Private Schools for the Poor

The Government of Nepal (GoN) allocated Rs 86.03 billion as education budget for the fiscal year 2014/15 (13.91% of the total budget.) Let’s try to put that into perspective. According to the article “SLC Results: Failure of the system,” Rs. 10,000 is spent per child per year on a public school. In the meantime, concerns over teaching and learning methodology, attendance of teachers, the school’s accountability towards the children and their parents, (all of which ultimately affect the quality of education) are being raised in the public domain.

Recent inspections performed at some public schools of Kathmandu and Lalitpur show that there are some public schools that have almost no students. Harsha Lower Secondary School located at Gagalphedi, Kathmandu has altogether 15 students and 4 teachers; 2 more teachers are being recruited on contractual basis. Chalantar Secondary School, Kathmandu and Lubhu Secondary School, Lalitpur have similar problems. Instances like these have directly increased the cost of running public schools. On the other hand, these numbers also indicate that people have been opting for private schools operating in their communities.

The academic study performed by Santwona Memorial Academy reveals that there are public schools in Nepal which operate at Rs 7000-9000 per student in a year. The same study also talks of low cost private schools which operate at just Rs. 4500-5000 per student in a year. So clearly, there are private schools that are much cheaper than government funded public schools. While there are private schools that cost as much as 20-25 thousand per year or even beyond, it does not take understanding of rocket science to realize that for these poor people, these outlier private schools are not the real alternatives anyway. Despite no financial assistance from government, the private schools operating from the fees collected from students are conveying better quality of education. In the last 3 years (2014, 2013 and 2012 respectively,) the success rate of the SLC (grade 10 examinations) for privately run schools has been 93%, 80% and 84% while it has only managed to be 28%, 30% and 33% for publicly run schools. This trend bears great significance to Nepalese parents who consider school’s SLC success rate as a proxy for the quality of education.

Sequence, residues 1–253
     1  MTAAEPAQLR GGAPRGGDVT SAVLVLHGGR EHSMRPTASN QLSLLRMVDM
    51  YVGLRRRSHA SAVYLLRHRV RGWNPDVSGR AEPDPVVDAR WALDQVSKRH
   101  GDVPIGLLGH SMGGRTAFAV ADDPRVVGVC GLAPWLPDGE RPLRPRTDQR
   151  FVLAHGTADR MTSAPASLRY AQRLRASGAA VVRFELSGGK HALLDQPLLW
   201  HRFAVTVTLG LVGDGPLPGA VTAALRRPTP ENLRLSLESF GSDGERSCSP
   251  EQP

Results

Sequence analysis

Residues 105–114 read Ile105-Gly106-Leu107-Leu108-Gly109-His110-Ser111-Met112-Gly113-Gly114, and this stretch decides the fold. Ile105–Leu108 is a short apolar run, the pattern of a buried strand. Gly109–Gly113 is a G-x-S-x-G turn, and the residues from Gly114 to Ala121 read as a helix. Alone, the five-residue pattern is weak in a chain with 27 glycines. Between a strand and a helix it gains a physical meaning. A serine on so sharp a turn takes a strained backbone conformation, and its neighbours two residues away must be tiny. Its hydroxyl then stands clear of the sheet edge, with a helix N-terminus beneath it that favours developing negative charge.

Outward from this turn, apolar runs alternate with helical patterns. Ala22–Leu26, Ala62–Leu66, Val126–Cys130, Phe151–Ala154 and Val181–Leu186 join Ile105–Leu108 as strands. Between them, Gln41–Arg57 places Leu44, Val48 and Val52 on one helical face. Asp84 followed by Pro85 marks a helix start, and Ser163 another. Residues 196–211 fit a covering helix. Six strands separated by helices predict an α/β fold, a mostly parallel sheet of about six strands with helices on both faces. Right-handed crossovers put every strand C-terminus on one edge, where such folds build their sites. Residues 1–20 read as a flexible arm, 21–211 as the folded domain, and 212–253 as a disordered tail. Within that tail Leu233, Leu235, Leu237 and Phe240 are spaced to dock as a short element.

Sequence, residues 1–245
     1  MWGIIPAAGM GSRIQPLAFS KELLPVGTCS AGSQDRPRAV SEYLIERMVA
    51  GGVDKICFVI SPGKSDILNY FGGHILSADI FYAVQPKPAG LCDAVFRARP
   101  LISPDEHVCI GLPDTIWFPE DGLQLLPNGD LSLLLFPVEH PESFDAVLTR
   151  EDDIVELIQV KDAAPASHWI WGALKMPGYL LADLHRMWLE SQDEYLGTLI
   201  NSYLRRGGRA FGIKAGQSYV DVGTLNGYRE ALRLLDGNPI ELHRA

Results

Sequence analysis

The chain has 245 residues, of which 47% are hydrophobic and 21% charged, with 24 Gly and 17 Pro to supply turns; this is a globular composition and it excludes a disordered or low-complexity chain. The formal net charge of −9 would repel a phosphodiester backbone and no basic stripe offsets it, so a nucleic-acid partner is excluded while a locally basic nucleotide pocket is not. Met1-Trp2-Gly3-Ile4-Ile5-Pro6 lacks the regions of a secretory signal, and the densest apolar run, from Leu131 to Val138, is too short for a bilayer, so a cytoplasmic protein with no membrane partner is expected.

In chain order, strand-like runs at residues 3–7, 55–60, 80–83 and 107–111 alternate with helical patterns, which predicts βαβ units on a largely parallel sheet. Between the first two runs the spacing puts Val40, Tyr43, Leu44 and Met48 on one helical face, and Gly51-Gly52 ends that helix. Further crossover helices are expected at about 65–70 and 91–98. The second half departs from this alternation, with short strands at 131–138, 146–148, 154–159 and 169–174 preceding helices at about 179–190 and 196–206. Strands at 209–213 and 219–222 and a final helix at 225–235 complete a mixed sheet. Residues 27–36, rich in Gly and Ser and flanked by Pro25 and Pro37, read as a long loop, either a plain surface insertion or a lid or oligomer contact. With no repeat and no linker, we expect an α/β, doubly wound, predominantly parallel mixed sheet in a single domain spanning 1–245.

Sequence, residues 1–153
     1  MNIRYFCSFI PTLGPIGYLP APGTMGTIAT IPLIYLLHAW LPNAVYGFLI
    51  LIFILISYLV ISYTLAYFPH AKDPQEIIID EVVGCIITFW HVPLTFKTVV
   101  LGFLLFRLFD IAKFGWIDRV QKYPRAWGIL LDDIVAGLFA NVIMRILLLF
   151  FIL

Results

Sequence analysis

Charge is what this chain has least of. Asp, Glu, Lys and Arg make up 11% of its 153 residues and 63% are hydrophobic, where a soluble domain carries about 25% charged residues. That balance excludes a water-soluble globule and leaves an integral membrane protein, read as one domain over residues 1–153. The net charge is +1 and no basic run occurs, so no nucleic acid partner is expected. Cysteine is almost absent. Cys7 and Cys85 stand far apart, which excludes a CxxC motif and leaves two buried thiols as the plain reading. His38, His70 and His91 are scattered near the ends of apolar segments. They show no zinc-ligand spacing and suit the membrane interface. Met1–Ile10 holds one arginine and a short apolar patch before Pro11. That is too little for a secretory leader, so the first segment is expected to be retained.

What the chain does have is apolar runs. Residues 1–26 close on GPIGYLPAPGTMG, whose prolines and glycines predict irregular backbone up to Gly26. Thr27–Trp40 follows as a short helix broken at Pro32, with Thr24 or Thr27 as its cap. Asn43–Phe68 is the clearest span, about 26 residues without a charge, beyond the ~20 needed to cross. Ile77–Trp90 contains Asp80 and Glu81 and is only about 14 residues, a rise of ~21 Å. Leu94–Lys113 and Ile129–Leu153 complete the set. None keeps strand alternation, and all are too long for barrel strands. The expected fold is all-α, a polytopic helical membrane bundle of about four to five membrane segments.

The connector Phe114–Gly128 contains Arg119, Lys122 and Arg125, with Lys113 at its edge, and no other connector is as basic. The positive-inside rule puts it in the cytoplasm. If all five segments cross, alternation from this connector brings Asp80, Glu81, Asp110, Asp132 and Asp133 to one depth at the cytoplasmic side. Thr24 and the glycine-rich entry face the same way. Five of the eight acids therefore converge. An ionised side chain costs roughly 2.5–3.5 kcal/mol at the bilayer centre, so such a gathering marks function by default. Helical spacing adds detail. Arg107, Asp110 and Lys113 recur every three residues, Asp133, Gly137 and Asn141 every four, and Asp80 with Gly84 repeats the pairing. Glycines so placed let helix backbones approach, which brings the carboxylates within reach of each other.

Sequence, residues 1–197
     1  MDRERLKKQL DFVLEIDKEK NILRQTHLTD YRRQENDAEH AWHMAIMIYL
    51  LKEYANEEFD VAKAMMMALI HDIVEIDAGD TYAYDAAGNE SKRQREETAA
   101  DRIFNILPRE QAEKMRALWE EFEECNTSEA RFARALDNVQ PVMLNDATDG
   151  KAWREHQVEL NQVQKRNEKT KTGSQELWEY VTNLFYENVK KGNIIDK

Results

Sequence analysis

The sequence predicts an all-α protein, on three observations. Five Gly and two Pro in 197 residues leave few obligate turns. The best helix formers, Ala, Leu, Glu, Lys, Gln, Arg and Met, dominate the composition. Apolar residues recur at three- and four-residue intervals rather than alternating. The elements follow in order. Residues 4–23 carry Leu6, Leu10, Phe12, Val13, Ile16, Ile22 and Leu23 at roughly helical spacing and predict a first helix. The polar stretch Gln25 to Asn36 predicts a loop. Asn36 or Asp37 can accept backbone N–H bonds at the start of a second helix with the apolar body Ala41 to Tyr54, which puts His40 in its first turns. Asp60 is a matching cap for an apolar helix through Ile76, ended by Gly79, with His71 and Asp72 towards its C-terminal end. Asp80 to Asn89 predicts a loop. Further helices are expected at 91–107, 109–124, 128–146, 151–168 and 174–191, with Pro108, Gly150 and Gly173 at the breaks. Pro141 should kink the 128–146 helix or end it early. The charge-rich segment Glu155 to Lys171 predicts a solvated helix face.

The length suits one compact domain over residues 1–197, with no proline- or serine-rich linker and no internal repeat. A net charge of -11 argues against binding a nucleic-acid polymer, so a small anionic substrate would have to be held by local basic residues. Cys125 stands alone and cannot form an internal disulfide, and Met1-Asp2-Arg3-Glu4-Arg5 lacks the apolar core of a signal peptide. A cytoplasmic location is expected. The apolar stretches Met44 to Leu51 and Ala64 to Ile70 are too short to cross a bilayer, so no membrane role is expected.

Now, if the government is really giving out funds to educate children, it is high time that they allow the parents to choose where they want their children to get educated as well. Thus, instead of funding schools which directly increase the cost per student, the government should go for a better alternative – the Voucher System. Giving out the voucher can be a marvelous scheme for the welfare of poor which could possibly guarantee the right to education for the poor. Such system gives freedom for educating children in the school they wish to study. People become more rational while choosing the school. They send their children to the best school as per their compatibility. Therefore, based on the findings of the research (aforementioned) and considering performance of public schools, a better quality can be ensured with lesser fees through voucher system. This is how children will acquire quality education, transforming them into literate, well-informed and capable human resources that can pull themselves out of the poverty trap.

Sushil Lamichhane

Sushil Lamichhane, a student of Economics works under Research Department at Samriddhi, The Prosperity Foundation. Mr. Lamichhane is also associated with Rotaract Club of Kathmandu Metro, a voluntary youth-led organization working for professional development of youth under RI District 3292.

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